Southern Stars provided me with a "redeem code" for the basic version of "SkySafari 3" (iTunes App Store link), one of three new versions of SkySafari, previously reviewed as "SkyVoyager". There are two other versions, reviewed here: "SkySafari 3 Plus" and "SkySafari 3 Pro". All three versions of SkySafari 3 require iOS 4 or later, and are "universal" apps for iPhone, iPad, and iPod Touch. I used SkySafari 3 on my iPhone 4.
As described by Southern Stars:
"50 MB. 120K stars, no telescope control.
"The basic version of SkySafari 3 shows you 120,000 stars, plus 220 of the best-known star clusters, nebulae, and galaxies in the sky. It displays the Solar System's major planets and moons using NASA spacecraft imagery, and includes the best-known 20 asteroids and comets."
See the iTunes link above for a complete description of what is new in SkySafari 3.
When you first launch SkySafari 3 ("SS3" for short), you get asked about using your location, which sets the app up for displaying the sky where you are. It then displays a realistic view of your sky. I initially configured the app with my desired Settings (discussed later) and here is what the app now shows on startup (updated for the correct date and time):
The display shows mythical constellation depictions and the setting sun along with simulated terrain at the bottom. The constellation figures fade in and out very nicely as you move the display to different locations in the sky. You can zoom the screen in or out by holding your finder down on the lower right or left corner (where the "+" and "-" appear) or you can pinch to change the zoom level. Zooming in on a planet will display the moons (if any) in their proper configuration for the displayed date/time. This is useful when at the telescope and you want to see which of Jupiter's or Saturn's moons you are viewing. The display works in both portrait and landscape orientations.
The toolbar at the bottom is now "swipeable" and displays a second set of icons when swiped:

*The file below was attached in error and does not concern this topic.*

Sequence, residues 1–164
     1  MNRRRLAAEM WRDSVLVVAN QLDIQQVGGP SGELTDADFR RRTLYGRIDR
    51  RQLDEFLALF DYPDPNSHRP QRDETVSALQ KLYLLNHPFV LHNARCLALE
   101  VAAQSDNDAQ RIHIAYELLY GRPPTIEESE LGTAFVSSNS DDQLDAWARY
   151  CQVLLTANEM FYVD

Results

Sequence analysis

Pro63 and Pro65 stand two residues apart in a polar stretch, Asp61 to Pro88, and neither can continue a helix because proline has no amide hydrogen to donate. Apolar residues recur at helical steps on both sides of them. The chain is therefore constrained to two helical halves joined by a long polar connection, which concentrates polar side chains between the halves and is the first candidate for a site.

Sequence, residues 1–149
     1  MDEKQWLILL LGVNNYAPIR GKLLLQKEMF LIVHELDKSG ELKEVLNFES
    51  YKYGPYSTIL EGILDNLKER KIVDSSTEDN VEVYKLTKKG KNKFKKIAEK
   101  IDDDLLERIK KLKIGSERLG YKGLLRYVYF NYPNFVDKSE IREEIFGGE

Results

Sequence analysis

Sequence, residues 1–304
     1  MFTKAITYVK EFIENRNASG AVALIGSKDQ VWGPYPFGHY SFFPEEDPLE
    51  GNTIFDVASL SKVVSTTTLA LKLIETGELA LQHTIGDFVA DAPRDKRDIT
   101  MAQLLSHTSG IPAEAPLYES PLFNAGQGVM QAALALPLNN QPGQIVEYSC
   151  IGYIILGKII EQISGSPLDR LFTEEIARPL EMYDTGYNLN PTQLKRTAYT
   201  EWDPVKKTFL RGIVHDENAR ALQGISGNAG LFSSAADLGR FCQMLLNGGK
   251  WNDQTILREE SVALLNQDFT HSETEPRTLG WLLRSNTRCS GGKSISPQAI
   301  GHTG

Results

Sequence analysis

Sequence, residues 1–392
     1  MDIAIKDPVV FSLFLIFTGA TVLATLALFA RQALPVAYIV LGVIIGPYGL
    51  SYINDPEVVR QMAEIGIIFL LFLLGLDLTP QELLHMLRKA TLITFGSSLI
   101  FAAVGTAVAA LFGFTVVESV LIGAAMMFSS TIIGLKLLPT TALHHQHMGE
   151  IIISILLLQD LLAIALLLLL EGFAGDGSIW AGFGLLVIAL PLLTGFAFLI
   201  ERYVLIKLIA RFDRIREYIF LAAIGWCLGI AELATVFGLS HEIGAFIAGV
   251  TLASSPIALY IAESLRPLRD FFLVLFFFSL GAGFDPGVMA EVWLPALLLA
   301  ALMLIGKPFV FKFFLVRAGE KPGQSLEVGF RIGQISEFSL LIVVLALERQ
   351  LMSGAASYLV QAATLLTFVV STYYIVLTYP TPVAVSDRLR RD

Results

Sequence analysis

As mentioned in the app description, there are only a limited number of objects are in the database. You can search for any object in the database:
You can also tap a category and see objects in that category. Objects that are not currently visible are dim. But you can still select them to get info on them, including rise time.
Besides data, you can also see a description of the object:
The Setting screen lets you configure many of the app's display options:
The one thing I missed in the basic SS3 version was being able to set for 24-hour time. That feature is only in the SkySafari 3 Plus and SkySafari 3 Pro versions. But other than that, the basic version lets you control quite a lot of how the display will appear.
The Time mode lets you step forward or backward through time, as seen here:
The Compass and Gyro modes are mutually exclusive. With Gyro you have to first aim the device at a known object. Once you do that, SS3 follows you around. Compass avoids the aiming step. The Night mode overlays the display with red:
SS3 includes "SkyWeek" from Sky & Telescope, previously available as a separate free app:
SkyWeek is a useful tool for planning your observing sessions and describes the major objects and events occurring in the next week.
Full app Help is also available:
Using SS3, as with the previous versions, is simple yet very effective, useful, and accurate. The app's basic features should satisfy anyone who wants to know what's in the sky at any time. SkySafari 2 was my most used app while at the telescope. And if I did not need the additional capabilties offered in one of the other versions, SkySafari 3 (basic) would provide much of the capabilities needed while at the telescope. For the price, you can't go wrong with the basic version of SkySafari 3.
Go to the ETX site.
Go to the Cassiopeia Observatory site.